The panel members for the NEB review haven’t been announced yet. The executive summaries of the final reports will be published on January 31, 2017; Flanagan emphasizes “the clock is ticking – it’s a huge mandate to execute on by early 2017.”
There’s plenty of ground to cover.
But even if the review panels produce progressive recommendations — for instance, calling for the revamping the Canadian Environmental Assessment Act, returning the responsibility for federal environmental assessments of interprovincial and international pipelines to the Canadian Environmental Assessment Agency and treating Indigenous nations as much more than an afterthought — they wouldn’t apply to the two biggest pipeline projects in recent Canadian history.
The federal cabinet will be making a decision on the Trans Mountain pipeline before Christmas, a full month before the review panels deliver their recommendations (the NEB approved the project in May with 157 conditions). This occurs in contradiction to a promise Trudeau made during the election that the NEB review would apply to the project.
The government’s ad-hoc supplementary review panel, intended to improve public consultations, has come under serious fire for conflict-of-interest allegations and failures to offer translation services or livestreaming, in many ways pointing out the massive flaws of the existing process.
Those meetings have, by and large, been an opportunity for communities to voice their majority opposition to Trans Mountain and the review process. In the case of Vancouver and Victoria, the overwhelming number of public participants voiced opposition to the pipeline project.
The NEB’s review process for Energy East is already underway via panel sessions in communities. The bulk of the work won’t start until 2017.
But if the federal government is serious about addressing concerns about the NEB, why not hold off on the panel sessions until community members are fully aware of the stakes? Currently, intervenors are operating under the expectation that the NEB will be responsible for conducting the environmental assessment of Energy East, a reality that could very well change if the dual review panels recommend serious alterations to processes.
In February, Ecojustice argued in regards to the TransCanada project that “the government missed a golden opportunity to put the entire process on hold until legislative amendments could effectively repair the damage done by the Harper government’s rollbacks.”
Green Party leader Elizabeth May has also voiced concern, stating in June 20 press release that “I vigorously opposed the idea of a drawn-out consultation without first repealing the devastating changes made to environmental assessment in omnibus budget bills of 2012” and “the government is choosing to continue with a broken system while it consults stakeholders.”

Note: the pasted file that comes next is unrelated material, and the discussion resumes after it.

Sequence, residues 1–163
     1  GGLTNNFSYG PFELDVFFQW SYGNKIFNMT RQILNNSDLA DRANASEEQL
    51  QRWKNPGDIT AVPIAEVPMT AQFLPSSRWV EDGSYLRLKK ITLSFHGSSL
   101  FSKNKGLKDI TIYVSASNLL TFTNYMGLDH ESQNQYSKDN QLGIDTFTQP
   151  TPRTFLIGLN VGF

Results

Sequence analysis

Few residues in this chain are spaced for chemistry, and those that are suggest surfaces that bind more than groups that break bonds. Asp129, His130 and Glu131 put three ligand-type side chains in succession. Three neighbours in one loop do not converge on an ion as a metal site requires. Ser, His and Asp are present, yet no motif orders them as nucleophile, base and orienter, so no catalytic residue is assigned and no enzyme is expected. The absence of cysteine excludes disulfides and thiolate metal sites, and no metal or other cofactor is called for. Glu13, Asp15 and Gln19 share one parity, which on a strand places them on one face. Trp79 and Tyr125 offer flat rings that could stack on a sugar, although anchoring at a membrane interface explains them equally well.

The future changes may be hugely beneficial, barring carbon-intensive LNG facilities, oilsands upgraders and other industrial emitters from ever entering the review process. But the Trans Mountain pipeline and Energy East could very well be on the path to construction and export, further jeopardizing Canada’s environmental reputation.
The Liberals have already established an unfortunate track record of blaming the previous government for politically unsavoury decisions they could have very well stopped: think the controversial sale of light-armoured vehicles to Saudi Arabia, the government’s decision to withdraw an appeal to force the Catholic Church to pay reparations for its significant role in running residential schools or the approval of permits for construction on the controversial Site C dam in B.C.
It’s a bit of a sunk costs fallacy, but one shaded by an obvious desire to keep the real political mechanisms and motives under wraps.
The same appears to be occurring with the two major pipeline approvals. The government made the powerful and convincing argument during the election that the review process was broken. Yet it has allowed the NEB to continue reviewing Trans Mountain and Energy East.
“You had Trudeau say that this process isn’t credible,” Stewart says.
“So what are you actually going to do about that? How can you approve a major controversial project based on a process that you’ve already said is deeply flawed and is proved once again that it’s deeply flawed? I just don’t understand how they think they can move that forward.”
Image: Prime Minister Justin Trudeau and B.C. Premier Christy Clark meet in Burnaby, B.C., site of the Kinder Morgan Trans Mountain export terminal. Photo: Prime Minister's Photo Gallery